The International Data Corporation’s (IDC) Worldwide Quarterly Mobile Phone Forecast gives analysis of the worldwide mobile phone market. In the most recent forecast, they made several observations about the mobile phone market in general, and how each of the leading operating systems are expected to fare over the next few years. Included in those observations was the estimated rapid growth of Windows Phone.
Regarding the overall growth of smartphones, IDC Senior Analyst, Kevin Restivo, had this to say: “The smartphone parade won’t be as lively this year as it has been in past. The mobile phone user transition from feature phones to smartphones will continue in a gradual but unabated fashion. Smartphone growth, however, will increasingly be driven by a triumvirate of smartphone operating systems, namely Android, iOS and Windows Phone 7.”
With Windows Phone being included as one of the “triumvirate” of mobile operating systems, it’s apparent that the industry has taken notice of Microsoft’s little phone OS. It is no longer a question of the platform’s survival. IDC analysts believe that it will do more than survive: it will flourish. Now the question about Microsoft’s phone OS is just where its position will be in the market. If we ask IDC, that place will be right behind Android and above iOS by 2016.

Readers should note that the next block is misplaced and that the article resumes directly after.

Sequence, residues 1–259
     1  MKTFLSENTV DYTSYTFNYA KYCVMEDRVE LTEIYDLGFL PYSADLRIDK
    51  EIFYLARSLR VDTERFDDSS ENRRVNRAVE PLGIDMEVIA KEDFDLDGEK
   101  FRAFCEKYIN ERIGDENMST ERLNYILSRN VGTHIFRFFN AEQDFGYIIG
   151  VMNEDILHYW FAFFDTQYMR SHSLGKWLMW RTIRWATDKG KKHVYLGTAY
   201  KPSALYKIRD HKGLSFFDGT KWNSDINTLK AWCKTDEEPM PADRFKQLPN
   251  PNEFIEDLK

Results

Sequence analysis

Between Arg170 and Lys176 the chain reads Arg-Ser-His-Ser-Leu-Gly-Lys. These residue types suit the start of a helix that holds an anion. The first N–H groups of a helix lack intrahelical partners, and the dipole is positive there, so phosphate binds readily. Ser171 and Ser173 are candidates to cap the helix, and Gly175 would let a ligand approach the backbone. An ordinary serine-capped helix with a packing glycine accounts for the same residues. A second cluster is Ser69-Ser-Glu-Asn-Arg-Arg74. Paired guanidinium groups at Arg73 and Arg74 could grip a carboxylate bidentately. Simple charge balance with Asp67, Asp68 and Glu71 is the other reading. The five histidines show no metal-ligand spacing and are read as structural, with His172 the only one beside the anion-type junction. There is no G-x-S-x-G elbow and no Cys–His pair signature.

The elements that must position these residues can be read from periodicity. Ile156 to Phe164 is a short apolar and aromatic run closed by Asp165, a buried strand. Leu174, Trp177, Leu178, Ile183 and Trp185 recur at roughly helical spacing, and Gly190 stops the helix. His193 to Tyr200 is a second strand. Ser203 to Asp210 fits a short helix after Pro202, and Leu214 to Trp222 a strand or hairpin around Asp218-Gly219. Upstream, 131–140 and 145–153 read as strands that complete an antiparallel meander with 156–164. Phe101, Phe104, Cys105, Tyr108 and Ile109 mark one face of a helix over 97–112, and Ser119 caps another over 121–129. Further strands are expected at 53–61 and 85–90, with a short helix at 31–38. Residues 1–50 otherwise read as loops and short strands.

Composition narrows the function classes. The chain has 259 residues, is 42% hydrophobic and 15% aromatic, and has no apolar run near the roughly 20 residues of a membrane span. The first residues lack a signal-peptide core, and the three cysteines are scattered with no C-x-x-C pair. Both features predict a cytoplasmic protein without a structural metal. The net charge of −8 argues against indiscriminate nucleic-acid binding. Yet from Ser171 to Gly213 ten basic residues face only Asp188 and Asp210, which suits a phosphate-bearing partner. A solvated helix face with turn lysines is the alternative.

“Windows Phone 7/Windows Mobile will gain share despite a slow start. Windows Phone 7/Windows Mobile will be aided by Nokia’s strength in key emerging markets. IDC expects it to be the number 2 OS with more than 19% share in 2016, assuming Nokia’s foothold in emerging markets is maintained.”
This only puts Windows Phone .2% above iOS, so even if this does come to fruition, it’s not a trouncing of the competition. Instead, these predictions mainly indicate that industry experts expect Windows Phone to be competitive.
Fans of Windows Phone will notice that IDC is referring to Microsoft’s OS as Windows Phone 7, even though we know that Windows Phone 8 is going to be rolling out later this year. Could this mean that they are making their predictions based on verified current information, and not based on what may happen if Microsoft ties Windows Phone 8 and Windows 8 together? If that’s the case, the actual growth of Windows Phone could even surpass these estimates.
The future looks bright for Windows Phone. Do you believe that IDC has this right? Are they being too optimistic, or perhaps even not optimistic enough?